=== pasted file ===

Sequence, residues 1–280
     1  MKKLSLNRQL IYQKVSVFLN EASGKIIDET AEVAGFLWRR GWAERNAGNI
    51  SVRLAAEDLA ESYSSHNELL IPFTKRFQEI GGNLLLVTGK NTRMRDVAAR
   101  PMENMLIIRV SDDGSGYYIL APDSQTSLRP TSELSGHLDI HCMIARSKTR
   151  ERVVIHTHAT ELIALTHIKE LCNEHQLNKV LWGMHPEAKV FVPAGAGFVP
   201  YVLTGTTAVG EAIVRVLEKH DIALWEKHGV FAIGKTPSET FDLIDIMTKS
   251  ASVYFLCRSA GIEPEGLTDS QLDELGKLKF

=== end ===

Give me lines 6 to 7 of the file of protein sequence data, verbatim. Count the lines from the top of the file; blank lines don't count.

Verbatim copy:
   201  YVLTGTTAVG EAIVRVLEKH DIALWEKHGV FAIGKTPSET FDLIDIMTKS
   251  ASVYFLCRSA GIEPEGLTDS QLDELGKLKF